Search
  • Jaya Roy, M.A., A.S.W.

How To Turn Your Procrastination Into a Self-Compassion Practice

We all do it. Putting off a difficult conversation, a challenging (or boring) project, booking your appointment with the dentist (my least favorite activity). Procrastination is a fairly common and universal experience. We know we need to get something done but it feels like there is chain tied around your ankles so it’s better to just sit still and pull out youtube on your phone or scroll through your social media feed. What if I told you there’s a way to remove that chain but it’s not through grit or pushing past your “laziness” or “disorganization”. What if I told you to give into it for a bit? You heard me, give in to your procrastination, but let’s make it worth it.


Most common discourse around procrastination is describing it as laziness or disorganization. Alternatively, procrastination can best be viewed as a symptom marking the need to regulate or manage emotions. Our negative emotions might be associated with the task itself or another life stressor. Oftentimes it’s about what the tasks represents, how we make meaning out of it (e.g. “If I fail this test I’ll never be a nurse”, “I’m not smart enough”,), or if the task is connected to other difficult life events.


Moreover when we view procrastination as a character flaw, we focus on the dysfunction lying within the individual. However we should also consider other factors that might lead or impact our ability to manage our emotions. One example is examining the role of our societal culture and the expectation as members that we operate efficiently and produce at a fast pace. Whether you are a student, an employee, a care-taker or something else, your value as a society member is often equated with producables (finishing tasks, homework, projects) and capital (how much business you bring, money you make etc..). This type of pressure to produce and value on the individual output is both time consuming and depletes our internal resources that would otherwise allow us to successfully manage our emotions. To address this on a more structural level we can push back on this culture of highly valuing productivity through identifying policies that impact our education, workplace, homelife, and take action. If our positionality allows, we can also advocate in our workplace or education setting to set policies that allow a degree of flexibility and appreciation for attending to our well-being. At an individual level we might consider setting boundaries in these contexts (e.g. stop reading and responding to email at a certain point in the day) or specifically suss-out educational institutions or workplace environments that have a culture of being humanistically focused.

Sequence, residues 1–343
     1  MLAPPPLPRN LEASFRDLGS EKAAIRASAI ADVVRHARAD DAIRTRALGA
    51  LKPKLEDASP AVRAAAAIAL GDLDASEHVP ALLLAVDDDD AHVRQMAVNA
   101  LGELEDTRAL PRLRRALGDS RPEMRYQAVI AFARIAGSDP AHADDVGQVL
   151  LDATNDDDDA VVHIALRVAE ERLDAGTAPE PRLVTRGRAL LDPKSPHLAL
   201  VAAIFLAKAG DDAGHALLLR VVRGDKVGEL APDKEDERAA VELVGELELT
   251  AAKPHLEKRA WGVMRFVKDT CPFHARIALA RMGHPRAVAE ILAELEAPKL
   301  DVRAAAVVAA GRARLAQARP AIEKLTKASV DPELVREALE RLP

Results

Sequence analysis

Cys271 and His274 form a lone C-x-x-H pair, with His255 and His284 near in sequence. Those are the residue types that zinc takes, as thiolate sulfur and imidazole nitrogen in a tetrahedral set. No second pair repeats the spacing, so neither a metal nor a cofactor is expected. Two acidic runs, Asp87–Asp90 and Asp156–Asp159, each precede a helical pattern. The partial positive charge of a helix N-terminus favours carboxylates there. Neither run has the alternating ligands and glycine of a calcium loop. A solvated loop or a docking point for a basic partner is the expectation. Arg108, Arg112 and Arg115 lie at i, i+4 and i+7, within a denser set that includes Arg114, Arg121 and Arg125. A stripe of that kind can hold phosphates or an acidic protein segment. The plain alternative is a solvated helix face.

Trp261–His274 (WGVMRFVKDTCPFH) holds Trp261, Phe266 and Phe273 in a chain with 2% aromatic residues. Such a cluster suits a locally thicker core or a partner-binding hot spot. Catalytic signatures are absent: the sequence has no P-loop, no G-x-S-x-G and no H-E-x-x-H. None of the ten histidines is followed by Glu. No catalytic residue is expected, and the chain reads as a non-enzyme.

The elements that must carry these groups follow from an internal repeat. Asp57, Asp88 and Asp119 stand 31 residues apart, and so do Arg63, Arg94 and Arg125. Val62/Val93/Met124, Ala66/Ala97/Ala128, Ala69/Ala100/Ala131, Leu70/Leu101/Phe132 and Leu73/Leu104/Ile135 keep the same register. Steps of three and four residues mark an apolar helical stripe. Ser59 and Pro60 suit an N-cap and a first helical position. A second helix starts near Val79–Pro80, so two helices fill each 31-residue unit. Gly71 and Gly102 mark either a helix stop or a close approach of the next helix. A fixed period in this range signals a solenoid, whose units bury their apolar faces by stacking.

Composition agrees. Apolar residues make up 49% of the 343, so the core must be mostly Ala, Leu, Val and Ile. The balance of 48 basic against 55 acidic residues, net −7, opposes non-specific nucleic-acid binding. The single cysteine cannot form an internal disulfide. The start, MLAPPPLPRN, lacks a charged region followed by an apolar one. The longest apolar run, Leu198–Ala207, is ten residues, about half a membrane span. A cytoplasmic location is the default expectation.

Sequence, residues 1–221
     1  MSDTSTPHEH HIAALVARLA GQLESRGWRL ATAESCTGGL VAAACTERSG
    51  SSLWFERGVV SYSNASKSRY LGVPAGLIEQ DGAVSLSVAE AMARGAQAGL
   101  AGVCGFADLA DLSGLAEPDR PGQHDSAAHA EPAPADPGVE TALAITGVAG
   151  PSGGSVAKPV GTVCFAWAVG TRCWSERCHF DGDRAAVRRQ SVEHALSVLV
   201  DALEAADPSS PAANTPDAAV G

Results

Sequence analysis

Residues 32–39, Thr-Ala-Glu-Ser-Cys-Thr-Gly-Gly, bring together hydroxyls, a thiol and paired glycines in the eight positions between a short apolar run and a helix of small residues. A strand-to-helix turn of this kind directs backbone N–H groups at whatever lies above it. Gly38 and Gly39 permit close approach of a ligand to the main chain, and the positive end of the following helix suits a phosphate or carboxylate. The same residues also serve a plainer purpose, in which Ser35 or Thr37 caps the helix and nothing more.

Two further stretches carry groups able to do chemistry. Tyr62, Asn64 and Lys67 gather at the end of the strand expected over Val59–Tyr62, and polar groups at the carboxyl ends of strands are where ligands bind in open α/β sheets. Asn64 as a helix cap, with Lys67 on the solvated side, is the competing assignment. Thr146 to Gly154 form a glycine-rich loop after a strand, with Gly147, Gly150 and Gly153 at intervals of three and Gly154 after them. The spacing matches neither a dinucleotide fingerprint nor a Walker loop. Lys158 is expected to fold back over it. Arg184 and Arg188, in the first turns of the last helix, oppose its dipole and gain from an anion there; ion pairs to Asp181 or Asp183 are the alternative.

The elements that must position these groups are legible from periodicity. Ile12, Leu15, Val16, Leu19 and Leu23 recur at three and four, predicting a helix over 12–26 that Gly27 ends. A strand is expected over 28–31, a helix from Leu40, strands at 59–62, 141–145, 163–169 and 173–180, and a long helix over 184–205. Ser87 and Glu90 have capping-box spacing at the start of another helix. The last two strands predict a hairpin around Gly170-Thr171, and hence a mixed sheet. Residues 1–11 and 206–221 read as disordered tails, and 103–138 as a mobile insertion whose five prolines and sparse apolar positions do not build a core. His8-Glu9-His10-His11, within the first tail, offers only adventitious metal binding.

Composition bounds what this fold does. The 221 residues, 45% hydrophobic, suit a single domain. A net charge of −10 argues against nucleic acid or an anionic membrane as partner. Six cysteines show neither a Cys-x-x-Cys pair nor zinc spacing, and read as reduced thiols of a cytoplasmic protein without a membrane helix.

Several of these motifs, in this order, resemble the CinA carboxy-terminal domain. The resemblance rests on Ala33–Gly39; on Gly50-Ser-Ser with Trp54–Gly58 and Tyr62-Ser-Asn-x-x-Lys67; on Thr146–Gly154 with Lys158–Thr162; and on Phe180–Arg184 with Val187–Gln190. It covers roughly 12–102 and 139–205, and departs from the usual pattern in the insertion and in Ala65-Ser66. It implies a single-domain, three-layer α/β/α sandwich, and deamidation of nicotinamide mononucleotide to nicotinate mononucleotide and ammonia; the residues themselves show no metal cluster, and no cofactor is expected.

Given that many people are not in positions that allow them to push for structural change, we can work towards responding to procrastination with compassion. I tell my clients that procrastination is our mind and body’s way of saying there is a need that is not being met. This is the moment to listen and ask yourself what is it that I need to do to care for myself. I offer 3 steps that might lead to some insight on how to move our compassion into action.



Step 1: Ask Yourself Which Needs Are Not Being Met


Physical (food, exercise, sleep)

  • When was the last time I ate a nutritious and satisfying meal?

  • When was the last time I engaged in a physical activity?

  • What is my sleep like?

Relational (connecting with friends, family, community)

  • When was the last time I had a meaningful conversation with someone, or felt fulfilled by their presence?

Emotional (allocating time to experience and process emotions, positive or negative)

  • When I have created time to spend on myself exploring and processing my emotions (through art, writing, listening to music etc..)?



Step 2: Set Aside Time To Meet That Need In The Moment

  • Choose an activity that you think will best meet that need

  • Give yourself a time limit according to the activity you chose

  • Remove distractions that will take away energy used towards your need (e.g. turn off notifications)


Step 3: Identify Ways to Integrate Meeting That Need In Your Routine

  • Block off regular time in your week (1x to 3x a week) to spend on that need

  • Schedule other events accordingly



It is only when we recognize that our procrastination is our mind and body’s way of communicating with us, we can begin to let go of, or focus less on, the shame or blame that is often experienced with procrastination.



Further Reading


Eckert, M., Ebert, D. D., Lehr, D., Sieland, B., & Berking, M. (2016). Overcome procrastination: Enhancing emotion regulation skills reduce procrastination. Learning and Individual Differences, 52, 10-18.


Lieberman, C. (2019). Why you Procrastinate (It has Nothing to Do With Self-Control). New York Times.https://www.nytimes.com/2019/03/25/smarter-living/why-you-procrastinate-it-has-nothing-to-do-with-self-control.html


Rabin, L. A., Fogel, J., & Nutter-Upham, K. E. (2011). Academic procrastination in college students: The role of self-reported executive function. Journal of clinical and experimental neuropsychology, 33(3), 344-357.

12 views0 comments

© 2020 by Jaya Roy, M.A., A.S.W. Proudly created with Wix.com